Release week continues with a special Tuesday interview post! Yes, that’s right: I am going to interview… Myself!!
Today, I am pleased to welcome author D.B. Jackson to the blog. D.B. has a new novel out this week. Time’s Assassin, the third volume in his critically acclaimed Islevale Cycle, will be released on Tuesday, July 7, by Falstaff Books. (Order it here. Buy the first two books in the series at a special price here.)
David: D.B., welcome to the blog, and may I say that you are even better looking in person than you are in your pictures.
D.B.: Nice, starting right off with full-on conceited creeper. Way to hold your audience…
David: Why don’t you start by telling us about Time’s Assassin?
D.B.: Well, that’s a lazy-ass question. It’s not like you haven’t read the book….
Fine. Time’s Assassin is the concluding volume of the Islevale Cycle, my time travel, epic fantasy series. The Islevale books tell the story of Tobias Doljan and Mara Lijar, fifteen-year-old Walkers, time travelers, who go back in time to stop a war. But they’re trapped in the past and forced to protect and care for the infant daughter of an assassinated royal. The catch to all this is that time travel in my world exacts a price: For every year they go back in time, they age that amount. So they went back fourteen years, which means that they arrive in the past as twenty-nine year-olds, but with the thoughts and emotions of teenagers. They are pursued by assassins, caught up in castle intrigue, and have to match wits with a host of Ancients, as my demons are called. There’s a lot going on, and in this volume, all the story arcs come together.
David: It sounds interesting!
D.B.: Well… I’m glad you think so. If I couldn’t win you over, I was going to have a lot of trouble getting anyone else to care…
David: What made you decide to take on time travel?
D.B.: Hubris, foolishness, self-loathing: take your pick. Time travel is so difficult. I love these books, and I’m very proud of them, but I hope never to write another time travel novel. The allure of time-travel lies in the narrative possibilities, the complications, the twists and turns. And it’s all there. But those attractions are also the biggest problems. No plot point is certain. Every event is, potentially, subject to a do-over. When we mess with time, we take away the guaranteed permanence of everything we do to and with our characters. That’s why I had to make the price of my time travel magic so steep. Because if it costs nothing to travel across time, then the time travel itself takes over the story and makes everything transitory. At least with the time travel exacting such a cost, I can limit this somewhat. And even so, once my characters made it to the past, I had to take steps to ensure that they couldn’t Walk through time again, at least for a while.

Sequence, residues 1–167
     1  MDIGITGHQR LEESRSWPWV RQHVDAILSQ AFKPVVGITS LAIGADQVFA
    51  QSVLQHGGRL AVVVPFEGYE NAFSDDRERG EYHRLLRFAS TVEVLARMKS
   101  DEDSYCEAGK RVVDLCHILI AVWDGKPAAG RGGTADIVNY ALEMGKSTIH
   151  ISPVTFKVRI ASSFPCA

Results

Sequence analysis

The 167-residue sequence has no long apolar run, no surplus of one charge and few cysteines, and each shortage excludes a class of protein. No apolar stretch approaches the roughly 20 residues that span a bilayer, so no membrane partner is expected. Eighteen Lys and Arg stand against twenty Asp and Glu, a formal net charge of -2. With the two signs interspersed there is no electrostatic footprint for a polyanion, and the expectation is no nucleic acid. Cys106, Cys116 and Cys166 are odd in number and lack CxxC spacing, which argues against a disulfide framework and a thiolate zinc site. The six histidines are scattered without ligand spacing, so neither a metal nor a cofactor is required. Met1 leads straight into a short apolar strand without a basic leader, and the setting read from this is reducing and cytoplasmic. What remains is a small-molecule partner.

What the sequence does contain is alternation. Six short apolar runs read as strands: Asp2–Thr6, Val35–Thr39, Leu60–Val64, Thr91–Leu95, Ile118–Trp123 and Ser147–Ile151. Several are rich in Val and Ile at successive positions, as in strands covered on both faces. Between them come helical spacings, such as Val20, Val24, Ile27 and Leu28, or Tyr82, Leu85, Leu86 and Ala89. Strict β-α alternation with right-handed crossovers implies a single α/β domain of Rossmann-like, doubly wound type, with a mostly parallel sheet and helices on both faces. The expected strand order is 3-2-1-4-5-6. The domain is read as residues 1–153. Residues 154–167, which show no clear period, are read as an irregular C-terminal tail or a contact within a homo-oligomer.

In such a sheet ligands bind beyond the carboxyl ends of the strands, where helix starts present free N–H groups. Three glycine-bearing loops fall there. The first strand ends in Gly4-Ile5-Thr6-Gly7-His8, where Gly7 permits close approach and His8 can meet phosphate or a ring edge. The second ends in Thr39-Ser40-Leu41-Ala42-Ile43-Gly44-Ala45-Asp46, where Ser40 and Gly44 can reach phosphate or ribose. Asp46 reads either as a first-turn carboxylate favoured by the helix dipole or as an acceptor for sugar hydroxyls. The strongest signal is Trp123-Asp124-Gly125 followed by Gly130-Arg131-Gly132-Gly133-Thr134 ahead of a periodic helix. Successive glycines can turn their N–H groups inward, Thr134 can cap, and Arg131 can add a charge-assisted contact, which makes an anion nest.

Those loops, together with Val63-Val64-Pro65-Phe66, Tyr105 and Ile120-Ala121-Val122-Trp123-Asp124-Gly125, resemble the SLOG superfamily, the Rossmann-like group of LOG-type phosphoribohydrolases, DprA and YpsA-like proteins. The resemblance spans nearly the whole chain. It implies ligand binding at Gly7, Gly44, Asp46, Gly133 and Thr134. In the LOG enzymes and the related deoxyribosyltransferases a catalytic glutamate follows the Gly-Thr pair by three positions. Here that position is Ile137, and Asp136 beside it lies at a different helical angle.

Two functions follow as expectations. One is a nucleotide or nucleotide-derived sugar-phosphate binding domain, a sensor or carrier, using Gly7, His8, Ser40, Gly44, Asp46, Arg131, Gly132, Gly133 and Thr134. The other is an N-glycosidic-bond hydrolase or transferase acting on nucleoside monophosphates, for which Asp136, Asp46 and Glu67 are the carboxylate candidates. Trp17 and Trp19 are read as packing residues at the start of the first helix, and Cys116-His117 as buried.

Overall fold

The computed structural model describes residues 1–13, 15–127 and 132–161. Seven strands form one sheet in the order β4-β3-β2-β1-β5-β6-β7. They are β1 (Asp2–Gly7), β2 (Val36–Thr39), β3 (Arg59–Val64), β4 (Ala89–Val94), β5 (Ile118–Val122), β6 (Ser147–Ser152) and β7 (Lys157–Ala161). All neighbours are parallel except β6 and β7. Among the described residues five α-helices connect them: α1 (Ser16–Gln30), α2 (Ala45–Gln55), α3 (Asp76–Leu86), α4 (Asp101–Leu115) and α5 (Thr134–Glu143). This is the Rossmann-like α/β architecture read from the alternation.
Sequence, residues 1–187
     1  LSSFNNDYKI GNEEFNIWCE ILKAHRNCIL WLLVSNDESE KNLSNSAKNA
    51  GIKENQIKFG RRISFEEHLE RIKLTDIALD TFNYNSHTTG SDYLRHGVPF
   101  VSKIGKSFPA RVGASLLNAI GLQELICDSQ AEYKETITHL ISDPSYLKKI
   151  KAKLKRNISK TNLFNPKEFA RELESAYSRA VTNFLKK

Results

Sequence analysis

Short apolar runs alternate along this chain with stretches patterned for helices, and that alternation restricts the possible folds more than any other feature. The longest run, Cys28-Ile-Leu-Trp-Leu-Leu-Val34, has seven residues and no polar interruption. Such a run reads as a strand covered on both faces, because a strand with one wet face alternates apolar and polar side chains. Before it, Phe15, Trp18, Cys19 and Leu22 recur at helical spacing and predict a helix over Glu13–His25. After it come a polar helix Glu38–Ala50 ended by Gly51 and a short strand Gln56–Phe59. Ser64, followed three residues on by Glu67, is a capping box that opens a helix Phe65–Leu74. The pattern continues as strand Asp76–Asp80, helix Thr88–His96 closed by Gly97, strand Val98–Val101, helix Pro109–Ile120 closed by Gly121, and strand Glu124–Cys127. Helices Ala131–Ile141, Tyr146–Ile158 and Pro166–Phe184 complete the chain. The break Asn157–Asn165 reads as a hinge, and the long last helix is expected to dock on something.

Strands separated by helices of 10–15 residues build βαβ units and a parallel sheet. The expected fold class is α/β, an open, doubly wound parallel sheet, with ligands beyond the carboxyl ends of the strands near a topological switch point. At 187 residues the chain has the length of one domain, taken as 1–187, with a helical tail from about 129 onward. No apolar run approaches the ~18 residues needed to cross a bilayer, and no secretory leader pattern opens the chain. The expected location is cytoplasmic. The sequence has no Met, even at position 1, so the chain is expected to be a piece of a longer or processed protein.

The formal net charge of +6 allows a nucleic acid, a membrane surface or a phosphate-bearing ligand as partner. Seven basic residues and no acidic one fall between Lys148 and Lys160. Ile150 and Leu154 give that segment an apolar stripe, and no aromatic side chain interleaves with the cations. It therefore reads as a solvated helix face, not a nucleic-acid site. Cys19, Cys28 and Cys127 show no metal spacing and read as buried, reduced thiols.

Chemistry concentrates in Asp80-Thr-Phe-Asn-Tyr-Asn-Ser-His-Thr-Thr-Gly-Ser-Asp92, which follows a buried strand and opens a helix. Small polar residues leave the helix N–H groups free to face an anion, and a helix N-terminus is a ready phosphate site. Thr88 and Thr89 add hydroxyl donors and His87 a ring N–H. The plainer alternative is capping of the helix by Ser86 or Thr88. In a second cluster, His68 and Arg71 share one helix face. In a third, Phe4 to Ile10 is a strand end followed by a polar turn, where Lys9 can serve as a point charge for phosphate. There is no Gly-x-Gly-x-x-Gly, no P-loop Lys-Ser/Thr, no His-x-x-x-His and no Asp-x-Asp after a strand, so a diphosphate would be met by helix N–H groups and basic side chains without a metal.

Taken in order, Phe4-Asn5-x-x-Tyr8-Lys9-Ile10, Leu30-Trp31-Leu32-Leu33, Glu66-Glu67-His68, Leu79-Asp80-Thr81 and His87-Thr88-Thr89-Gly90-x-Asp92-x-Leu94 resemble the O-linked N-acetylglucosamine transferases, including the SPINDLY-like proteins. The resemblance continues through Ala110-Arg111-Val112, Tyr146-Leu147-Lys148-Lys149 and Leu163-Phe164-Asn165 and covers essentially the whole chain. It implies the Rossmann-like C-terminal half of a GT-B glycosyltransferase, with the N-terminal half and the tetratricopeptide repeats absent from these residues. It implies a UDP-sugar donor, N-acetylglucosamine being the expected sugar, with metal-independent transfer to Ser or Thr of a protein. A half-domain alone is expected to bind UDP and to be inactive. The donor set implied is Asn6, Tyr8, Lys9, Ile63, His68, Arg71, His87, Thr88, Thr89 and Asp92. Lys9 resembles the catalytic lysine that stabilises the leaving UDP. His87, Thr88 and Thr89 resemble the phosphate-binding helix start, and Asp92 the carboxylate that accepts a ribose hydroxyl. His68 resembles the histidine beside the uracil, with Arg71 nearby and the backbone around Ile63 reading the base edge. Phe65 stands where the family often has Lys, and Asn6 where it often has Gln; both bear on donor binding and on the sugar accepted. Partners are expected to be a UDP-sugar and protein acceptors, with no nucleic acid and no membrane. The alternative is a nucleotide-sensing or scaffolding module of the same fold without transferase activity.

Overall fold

David: Islevale is yet another world of your own creation. Tell us a bit about it.
D.B.: Islevale is a world of oceans and islands, a bit like Ursula K. Le Guin’s Earthsea. The Earthsea trilogy was one of my very favorite fantasy series when I was young — it’s one of the works that inspired me to write — and so I meant the world as an homage to Le Guin and to those books.
If I had to place Islevale in a period analogous to some historical era of our world, I would probably choose the early Renaissance. That’s the technology level. And, like many fantasy worlds, Islevale is inhabited by a diverse population of humans and also by other sorts of creatures. Specifically, humans share the world with the Ancients, different races of what the humans, in their ignorance, call demons. These are magical beings with their own customs and ancient forms of commerce and culture. They were enormous fun to write.
David: So, you are actually a pseudonym. What’s that like?
D.B.: Excuse me?
David: You’re a pseudonym. A pen name. You don’t really exist. You’re just the alter ego of a real, well-established author. So I’m just wondering—
D.B.: I knew you were going to do this.
D.B.: You know what. Pulling the whole “I’m real, you’re not” thing. That is so typical of you corporeal types. You think our readers give a flying fart about which one of us is “real”?
David: Just for the record, I am.
D.B.: I know! But what I’m saying is, it doesn’t matter. We share a newsletter and a Facebook page—
David: Maintained by yours truly.
D.B.: —And a lot of our audience likes books by both of us. Moreover, Mister Real Guy, I’d be careful about who you call the “real established author.” Would you care to compare reviews?
David: [Clearing throat] Why don’t you tell us what you’re working on now?
D.B.: Yeah, I thought so.
I’ve just finished working on a set of three novellas set in the Thieftaker universe. These will be released one at a time in ebook format later this year, and then the three together will be published in a printed omnibus. And, speaking of Thieftaker, our agent and I have recently gotten back the rights to the third and fourth Thieftaker novels, A Plunder of Souls and Dead Man’s Reach, which had been hard to find. We will be re-issuing these in trade paperback later this year or early next year.
David: Well, that sounds great. I wish you — us, really — every success with Time’s Assassin and the rest of the Islevale books, as well as with the upcoming Thieftaker releases. Best of luck to you.
D.B.: Thank you. And to you. [Sotto voce] Pinhead…